Computationally-efficient visual inertial odometry for autonomous vehicle

Nguyen, Trung (2019) Computationally-efficient visual inertial odometry for autonomous vehicle. Doctoral (PhD) thesis, Memorial University of Newfoundland.

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This thesis presents the design, implementation, and validation of a novel nonlinearfiltering based Visual Inertial Odometry (VIO) framework for robotic navigation in GPSdenied environments. The system attempts to track the vehicle’s ego-motion at each time instant while capturing the benefits of both the camera information and the Inertial Measurement Unit (IMU). VIO demands considerable computational resources and processing time, and this makes the hardware implementation quite challenging for micro- and nanorobotic systems. In many cases, the VIO process selects a small subset of tracked features to reduce the computational cost. VIO estimation also suffers from the inevitable accumulation of error. This limitation makes the estimation gradually diverge and even fail to track the vehicle trajectory over long-term operation. Deploying optimization for the entire trajectory helps to minimize the accumulative errors, but increases the computational cost significantly. The VIO hardware implementation can utilize a more powerful processor and specialized hardware computing platforms, such as Field Programmable Gate Arrays, Graphics Processing Units and Application-Specific Integrated Circuits, to accelerate the execution. However, the computation still needs to perform identical computational steps with similar complexity. Processing data at a higher frequency increases energy consumption significantly. The development of advanced hardware systems is also expensive and time-consuming. Consequently, the approach of developing an efficient algorithm will be beneficial with or without hardware acceleration. The research described in this thesis proposes multiple solutions to accelerate the visual inertial odometry computation while maintaining a comparative estimation accuracy over long-term operation among state-ofthe- art algorithms. This research has resulted in three significant contributions. First, this research involved the design and validation of a novel nonlinear filtering sensor-fusion algorithm using trifocal tensor geometry and a cubature Kalman filter. The combination has handled the system nonlinearity effectively, while reducing the computational cost and system complexity significantly. Second, this research develops two solutions to address the error accumulation issue. For standalone self-localization projects, the first solution applies a local optimization procedure for the measurement update, which performs multiple corrections on a single measurement to optimize the latest filter state and covariance. For larger navigation projects, the second solution integrates VIO with additional pseudo-ranging measurements between the vehicle and multiple beacons in order to bound the accumulative errors. Third, this research develops a novel parallel-processing VIO algorithm to speed up the execution using a multi-core CPU. This allows the distribution of the filtering computation on each core to process and optimize each feature measurement update independently. The performance of the proposed visual inertial odometry framework is evaluated using publicly-available self-localization datasets, for comparison with some other open-source algorithms. The results illustrate that a proposed VIO framework is able to improve the VIO’s computational efficiency without the installation of specialized hardware computing platforms and advanced software libraries.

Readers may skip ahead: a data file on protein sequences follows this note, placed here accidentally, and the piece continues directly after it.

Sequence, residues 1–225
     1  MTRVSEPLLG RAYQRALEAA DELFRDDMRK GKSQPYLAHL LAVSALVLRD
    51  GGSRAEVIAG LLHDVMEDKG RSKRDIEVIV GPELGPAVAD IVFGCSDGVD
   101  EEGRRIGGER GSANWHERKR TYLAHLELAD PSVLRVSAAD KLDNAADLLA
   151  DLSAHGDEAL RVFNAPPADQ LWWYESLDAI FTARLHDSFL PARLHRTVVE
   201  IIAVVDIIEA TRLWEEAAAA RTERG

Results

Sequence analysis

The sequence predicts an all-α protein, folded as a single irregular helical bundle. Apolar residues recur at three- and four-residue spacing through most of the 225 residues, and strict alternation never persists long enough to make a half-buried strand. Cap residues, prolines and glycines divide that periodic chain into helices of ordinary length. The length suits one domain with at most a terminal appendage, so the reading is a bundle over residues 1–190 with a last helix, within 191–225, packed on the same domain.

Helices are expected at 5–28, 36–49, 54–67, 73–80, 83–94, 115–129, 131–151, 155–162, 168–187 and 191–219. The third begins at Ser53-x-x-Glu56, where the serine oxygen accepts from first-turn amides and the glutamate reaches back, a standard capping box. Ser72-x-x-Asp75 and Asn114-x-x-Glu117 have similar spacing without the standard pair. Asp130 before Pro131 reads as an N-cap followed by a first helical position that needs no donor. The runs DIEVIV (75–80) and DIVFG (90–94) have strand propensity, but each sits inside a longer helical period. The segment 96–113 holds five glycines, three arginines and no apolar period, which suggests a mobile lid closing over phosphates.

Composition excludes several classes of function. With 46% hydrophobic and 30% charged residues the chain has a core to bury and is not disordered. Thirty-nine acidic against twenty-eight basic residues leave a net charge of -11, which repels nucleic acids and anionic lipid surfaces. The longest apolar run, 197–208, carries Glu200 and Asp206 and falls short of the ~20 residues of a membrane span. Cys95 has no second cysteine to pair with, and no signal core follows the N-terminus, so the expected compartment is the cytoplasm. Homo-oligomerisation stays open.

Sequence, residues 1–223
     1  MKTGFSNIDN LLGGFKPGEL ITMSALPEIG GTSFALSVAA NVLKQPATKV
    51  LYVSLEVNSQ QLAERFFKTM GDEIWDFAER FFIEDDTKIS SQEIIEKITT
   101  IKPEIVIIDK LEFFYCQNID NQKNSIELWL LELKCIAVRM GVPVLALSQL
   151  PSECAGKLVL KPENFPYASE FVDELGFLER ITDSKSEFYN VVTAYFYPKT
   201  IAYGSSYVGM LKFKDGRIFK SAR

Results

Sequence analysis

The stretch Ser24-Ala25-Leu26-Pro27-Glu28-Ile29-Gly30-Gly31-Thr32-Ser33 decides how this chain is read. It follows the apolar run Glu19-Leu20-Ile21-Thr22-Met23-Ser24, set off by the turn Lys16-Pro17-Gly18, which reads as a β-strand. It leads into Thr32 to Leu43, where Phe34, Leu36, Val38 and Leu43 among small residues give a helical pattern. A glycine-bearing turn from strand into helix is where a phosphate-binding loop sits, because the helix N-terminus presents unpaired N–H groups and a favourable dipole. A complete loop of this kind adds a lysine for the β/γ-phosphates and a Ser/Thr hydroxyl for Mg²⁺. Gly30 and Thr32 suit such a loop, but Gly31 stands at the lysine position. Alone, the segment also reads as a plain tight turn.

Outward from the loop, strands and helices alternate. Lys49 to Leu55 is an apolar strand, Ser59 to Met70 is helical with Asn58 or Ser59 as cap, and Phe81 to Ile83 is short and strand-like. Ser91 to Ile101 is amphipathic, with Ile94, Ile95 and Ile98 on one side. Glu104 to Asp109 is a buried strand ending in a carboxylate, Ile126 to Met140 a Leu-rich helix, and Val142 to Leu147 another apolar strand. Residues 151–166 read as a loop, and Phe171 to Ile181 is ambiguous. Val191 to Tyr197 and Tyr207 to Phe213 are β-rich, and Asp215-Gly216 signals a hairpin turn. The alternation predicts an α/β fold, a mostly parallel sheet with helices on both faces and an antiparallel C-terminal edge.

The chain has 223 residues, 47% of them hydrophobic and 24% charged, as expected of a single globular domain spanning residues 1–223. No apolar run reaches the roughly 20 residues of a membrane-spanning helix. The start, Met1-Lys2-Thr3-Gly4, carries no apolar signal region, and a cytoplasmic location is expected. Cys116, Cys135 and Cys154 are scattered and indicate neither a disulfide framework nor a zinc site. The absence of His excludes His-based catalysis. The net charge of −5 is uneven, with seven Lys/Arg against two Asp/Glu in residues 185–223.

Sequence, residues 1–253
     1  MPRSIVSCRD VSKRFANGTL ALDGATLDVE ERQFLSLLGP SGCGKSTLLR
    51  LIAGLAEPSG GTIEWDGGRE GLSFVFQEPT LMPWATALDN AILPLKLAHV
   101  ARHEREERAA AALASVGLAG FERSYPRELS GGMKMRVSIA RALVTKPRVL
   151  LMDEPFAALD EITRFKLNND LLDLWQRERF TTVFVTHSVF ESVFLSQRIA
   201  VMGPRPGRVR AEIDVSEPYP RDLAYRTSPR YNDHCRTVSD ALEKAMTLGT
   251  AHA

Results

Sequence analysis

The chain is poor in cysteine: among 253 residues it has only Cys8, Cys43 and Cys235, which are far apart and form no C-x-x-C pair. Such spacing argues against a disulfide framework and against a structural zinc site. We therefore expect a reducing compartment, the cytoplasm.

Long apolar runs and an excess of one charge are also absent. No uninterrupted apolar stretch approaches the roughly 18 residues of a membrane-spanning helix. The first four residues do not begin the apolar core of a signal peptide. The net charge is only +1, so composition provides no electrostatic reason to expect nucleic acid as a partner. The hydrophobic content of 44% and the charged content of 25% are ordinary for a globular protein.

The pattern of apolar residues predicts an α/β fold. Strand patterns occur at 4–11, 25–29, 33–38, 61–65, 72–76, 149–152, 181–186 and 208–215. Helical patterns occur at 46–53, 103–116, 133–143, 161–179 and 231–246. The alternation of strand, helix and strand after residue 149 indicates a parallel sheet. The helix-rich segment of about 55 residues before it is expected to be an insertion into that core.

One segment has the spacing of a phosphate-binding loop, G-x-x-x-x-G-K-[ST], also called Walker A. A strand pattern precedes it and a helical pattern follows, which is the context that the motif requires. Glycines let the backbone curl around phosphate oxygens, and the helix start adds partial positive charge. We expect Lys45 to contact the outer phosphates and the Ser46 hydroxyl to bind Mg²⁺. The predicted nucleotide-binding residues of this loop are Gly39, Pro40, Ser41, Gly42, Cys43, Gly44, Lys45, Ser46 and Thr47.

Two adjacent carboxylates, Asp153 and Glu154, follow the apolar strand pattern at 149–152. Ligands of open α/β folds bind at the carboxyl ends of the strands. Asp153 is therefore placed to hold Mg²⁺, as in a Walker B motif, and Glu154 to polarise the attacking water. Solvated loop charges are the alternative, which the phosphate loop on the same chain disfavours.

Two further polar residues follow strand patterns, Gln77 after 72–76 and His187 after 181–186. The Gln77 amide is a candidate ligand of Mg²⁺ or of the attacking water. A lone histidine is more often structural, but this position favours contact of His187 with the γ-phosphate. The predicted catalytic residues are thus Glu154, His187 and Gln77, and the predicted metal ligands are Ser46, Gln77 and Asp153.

Item Type: Thesis (Doctoral (PhD))
Item ID: 13900
Additional Information: Includes bibliographical references (pages 138-156).
Keywords: Visual Inertial Navigation System, Autonomous vehicle, Cubature Kalman Filter, Cubature Information Filter, Parallel Processing
Department(s): Engineering and Applied Science, Faculty of
Date: May 2019
Date Type: Submission
Library of Congress Subject Heading: Automotive telematics; Automated vehicles; Robot vision; Automobiles--Automatic control; Automobiles--Navigation systems

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